The number of students needing math and reading intervention dropped from the beginning of the year to the end of the year.


An I-Ready expert is working with teachers, Pentoney said earlier. The I-Ready Fluency Flight math program offers personalized digital activities and games that help students in Grades 2–5 learn essential math facts.   They’re also sending parents suggestions for things they can do at home to help.

Supplemental programs are helping teachers to help students to make progress in reading, she said. Teachers need more I-Ready professional development.

Some gains, many below grade level in secondary grades

Secondary Education Director Beth Golden gave a diagnostic snapshot of middle and high school student mid-year and end-of-year IXL assessment data at the meeting.

District English language arts proficiency was up 3% from mid-year assessments and district math proficiency had increased 4%.

For grades 6-11 in English language arts proficiency:

— 20% of students were above grade level on the end-of-year IXL assessments (up 5%),

— 13% are on grade level (up 3%)

–11% are below grade level (down 1%)

— 52% are far below grade level ( down 6%), Golden said.

Far below grade level is more than 1.5 years below current grade level.

In grades 6-11 math proficiency on the end of year IXL assessments, 3% of students were above grade (up 2%), 13% were on grade level ( up 6%), 15% scored below grade (up 5%)  and 61% scored far below grade level ( down 13%).

In her proficiency comparison of IXL assessment results for sixth to eleventh graders, Golden said that beginning of the year proficiency in English language arts was 25% and math 8%.

Mid-year IXL assessments showed grades 6-11 at 30% proficiency in English language arts and 12% proficiency in math.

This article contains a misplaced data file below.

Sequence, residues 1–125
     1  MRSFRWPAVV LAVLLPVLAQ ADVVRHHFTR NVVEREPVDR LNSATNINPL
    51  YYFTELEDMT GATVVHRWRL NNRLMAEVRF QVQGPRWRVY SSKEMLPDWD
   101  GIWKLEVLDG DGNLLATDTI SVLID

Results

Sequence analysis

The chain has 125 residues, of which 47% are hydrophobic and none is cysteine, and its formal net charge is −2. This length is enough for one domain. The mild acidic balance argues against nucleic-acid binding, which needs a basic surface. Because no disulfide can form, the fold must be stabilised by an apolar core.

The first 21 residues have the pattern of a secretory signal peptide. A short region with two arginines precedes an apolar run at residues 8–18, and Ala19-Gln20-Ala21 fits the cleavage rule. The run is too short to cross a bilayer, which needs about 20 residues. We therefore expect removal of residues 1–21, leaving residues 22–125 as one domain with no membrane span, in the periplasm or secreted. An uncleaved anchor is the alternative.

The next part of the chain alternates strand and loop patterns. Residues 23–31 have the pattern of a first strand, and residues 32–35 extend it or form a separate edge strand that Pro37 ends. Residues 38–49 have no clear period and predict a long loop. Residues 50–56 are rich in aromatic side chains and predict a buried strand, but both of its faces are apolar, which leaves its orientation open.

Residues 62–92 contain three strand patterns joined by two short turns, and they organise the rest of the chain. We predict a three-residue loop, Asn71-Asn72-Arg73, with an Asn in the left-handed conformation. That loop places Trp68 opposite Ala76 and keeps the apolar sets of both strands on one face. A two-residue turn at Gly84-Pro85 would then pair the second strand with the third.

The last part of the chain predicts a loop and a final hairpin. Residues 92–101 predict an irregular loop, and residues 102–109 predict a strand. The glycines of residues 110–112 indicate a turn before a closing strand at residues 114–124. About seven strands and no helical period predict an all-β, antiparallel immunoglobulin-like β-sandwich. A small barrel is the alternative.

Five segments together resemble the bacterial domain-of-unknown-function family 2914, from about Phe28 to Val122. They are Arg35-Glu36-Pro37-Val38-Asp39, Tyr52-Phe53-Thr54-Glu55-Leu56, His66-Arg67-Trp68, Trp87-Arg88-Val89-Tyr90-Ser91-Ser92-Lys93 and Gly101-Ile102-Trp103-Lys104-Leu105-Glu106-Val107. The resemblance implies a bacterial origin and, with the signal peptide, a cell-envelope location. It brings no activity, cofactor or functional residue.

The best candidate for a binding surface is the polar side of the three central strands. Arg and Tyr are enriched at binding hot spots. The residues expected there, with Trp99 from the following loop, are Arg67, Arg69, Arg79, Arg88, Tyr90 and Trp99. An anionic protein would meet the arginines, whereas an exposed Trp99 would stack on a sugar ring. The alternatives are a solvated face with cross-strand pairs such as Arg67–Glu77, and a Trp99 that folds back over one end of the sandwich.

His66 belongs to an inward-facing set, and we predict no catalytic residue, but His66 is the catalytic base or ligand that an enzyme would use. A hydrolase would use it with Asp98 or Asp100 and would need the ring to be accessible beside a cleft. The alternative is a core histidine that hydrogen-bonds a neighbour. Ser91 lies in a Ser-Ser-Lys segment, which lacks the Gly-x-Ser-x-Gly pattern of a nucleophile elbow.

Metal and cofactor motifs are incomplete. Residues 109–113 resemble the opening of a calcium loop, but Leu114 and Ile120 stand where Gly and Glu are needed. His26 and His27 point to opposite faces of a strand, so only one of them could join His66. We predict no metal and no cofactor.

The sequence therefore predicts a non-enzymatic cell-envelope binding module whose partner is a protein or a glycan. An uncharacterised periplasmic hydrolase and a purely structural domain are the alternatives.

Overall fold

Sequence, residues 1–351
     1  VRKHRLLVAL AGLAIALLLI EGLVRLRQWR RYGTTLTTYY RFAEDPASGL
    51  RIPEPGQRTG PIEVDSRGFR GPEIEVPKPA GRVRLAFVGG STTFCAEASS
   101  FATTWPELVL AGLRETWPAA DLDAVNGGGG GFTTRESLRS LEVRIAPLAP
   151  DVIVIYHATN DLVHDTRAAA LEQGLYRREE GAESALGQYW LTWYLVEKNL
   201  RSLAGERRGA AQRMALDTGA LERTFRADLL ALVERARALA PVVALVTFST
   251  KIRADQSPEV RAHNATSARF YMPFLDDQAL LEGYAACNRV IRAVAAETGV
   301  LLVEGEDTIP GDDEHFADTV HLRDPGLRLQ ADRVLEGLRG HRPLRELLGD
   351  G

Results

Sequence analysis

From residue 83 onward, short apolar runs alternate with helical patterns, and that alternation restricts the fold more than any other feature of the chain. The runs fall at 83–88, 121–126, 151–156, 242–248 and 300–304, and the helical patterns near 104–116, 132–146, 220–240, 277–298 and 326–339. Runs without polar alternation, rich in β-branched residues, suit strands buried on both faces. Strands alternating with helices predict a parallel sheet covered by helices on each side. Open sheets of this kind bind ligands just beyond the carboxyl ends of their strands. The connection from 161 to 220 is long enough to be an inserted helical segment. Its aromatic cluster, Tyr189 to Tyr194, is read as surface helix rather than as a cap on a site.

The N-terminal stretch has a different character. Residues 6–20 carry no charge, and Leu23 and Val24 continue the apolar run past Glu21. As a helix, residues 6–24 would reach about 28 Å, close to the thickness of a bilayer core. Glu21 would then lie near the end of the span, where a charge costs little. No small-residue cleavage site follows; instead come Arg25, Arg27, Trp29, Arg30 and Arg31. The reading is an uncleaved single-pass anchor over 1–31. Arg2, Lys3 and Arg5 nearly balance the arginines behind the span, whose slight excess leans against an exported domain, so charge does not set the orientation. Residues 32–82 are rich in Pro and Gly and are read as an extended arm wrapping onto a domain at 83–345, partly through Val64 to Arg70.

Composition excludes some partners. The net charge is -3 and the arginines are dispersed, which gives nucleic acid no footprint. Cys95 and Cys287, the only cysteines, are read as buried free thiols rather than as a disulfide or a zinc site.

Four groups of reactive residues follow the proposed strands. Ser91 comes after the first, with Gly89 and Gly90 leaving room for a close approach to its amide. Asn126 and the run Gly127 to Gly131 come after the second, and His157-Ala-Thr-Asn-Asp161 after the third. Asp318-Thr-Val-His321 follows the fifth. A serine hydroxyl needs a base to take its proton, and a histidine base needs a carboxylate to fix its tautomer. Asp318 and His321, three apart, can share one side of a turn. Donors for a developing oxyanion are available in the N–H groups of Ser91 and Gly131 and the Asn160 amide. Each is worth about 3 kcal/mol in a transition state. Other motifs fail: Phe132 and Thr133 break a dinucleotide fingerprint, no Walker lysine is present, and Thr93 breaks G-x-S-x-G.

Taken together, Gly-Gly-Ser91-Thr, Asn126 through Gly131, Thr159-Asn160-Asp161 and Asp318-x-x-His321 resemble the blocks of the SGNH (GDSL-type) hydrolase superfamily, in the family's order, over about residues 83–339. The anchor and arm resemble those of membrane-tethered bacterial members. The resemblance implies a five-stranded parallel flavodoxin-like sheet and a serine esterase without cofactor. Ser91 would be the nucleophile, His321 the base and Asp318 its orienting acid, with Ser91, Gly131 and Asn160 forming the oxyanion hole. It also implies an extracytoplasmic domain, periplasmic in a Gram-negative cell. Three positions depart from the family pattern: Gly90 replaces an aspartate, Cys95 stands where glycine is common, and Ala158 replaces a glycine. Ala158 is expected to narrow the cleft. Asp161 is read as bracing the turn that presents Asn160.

End of Year assessment results had sixth to eleventh graders’ student mastery in English language arts at 33% (up 8% from the beginning of the year) and 16% in math (up 8%).

English language arts proficiency jumped 18% in Grade 6, 14% in Grade 8 and 11% in Grade 9 from mid-year to end of the year IXL assessments, according to Golden’s charts.  Other grades had small gains or dips in proficiency.

Math proficiency rose 28% in Grade 6 and increased 9% in Grade 7 and Grade 8.  Grade 9 remained at 4%, Grade 10 dropped 2% and Grade 11 decreased 1% in proficiency.

Next steps

Golden said the school system would continue their current  strategies and improving processes for more accurate outcomes.

Those strategies include continuing the standardized test   environment for the 2024-2025 school year, student data sheets for ownership and goal setting, attendance incentives, beginning of the year, mid-year and end-of-year proficiency scores and monitoring Interim Module Assessments progress.

School officials will also continue student/administrator meetings to discuss root causes of deficiencies and keep students on track throughout the school year, along with continuing and refining academic incentives, participating in the I-Ready pilot at the middle school level and exploring better benchmarking options for the high school level, Golden said.

Other efforts include school professional learning communities,  use of Paper Online Tutoring and instructional coaching.